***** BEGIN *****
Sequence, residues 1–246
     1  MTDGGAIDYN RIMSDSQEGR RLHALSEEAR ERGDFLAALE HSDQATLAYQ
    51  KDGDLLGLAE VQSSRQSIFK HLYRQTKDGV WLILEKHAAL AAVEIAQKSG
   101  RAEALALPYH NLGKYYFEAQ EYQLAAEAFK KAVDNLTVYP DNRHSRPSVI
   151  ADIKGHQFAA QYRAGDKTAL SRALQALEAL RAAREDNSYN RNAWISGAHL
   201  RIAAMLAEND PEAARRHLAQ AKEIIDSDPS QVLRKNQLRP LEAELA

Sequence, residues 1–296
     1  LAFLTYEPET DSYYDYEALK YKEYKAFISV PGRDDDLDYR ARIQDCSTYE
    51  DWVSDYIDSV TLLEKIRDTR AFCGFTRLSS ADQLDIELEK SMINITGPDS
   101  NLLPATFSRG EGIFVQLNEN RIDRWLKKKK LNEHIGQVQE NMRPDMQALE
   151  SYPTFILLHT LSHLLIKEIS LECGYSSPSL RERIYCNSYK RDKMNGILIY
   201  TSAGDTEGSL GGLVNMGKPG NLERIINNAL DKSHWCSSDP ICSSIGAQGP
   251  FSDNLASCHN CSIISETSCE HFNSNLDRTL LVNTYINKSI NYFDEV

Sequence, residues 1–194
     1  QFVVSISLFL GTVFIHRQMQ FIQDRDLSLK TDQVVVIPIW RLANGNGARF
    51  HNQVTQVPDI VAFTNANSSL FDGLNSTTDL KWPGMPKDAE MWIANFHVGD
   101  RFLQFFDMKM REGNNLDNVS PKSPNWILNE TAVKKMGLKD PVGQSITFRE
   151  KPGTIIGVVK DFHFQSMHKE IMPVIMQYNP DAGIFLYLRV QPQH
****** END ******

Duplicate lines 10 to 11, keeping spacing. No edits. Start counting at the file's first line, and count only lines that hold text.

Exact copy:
   101  NLLPATFSRG EGIFVQLNEN RIDRWLKKKK LNEHIGQVQE NMRPDMQALE
   151  SYPTFILLHT LSHLLIKEIS LECGYSSPSL RERIYCNSYK RDKMNGILIY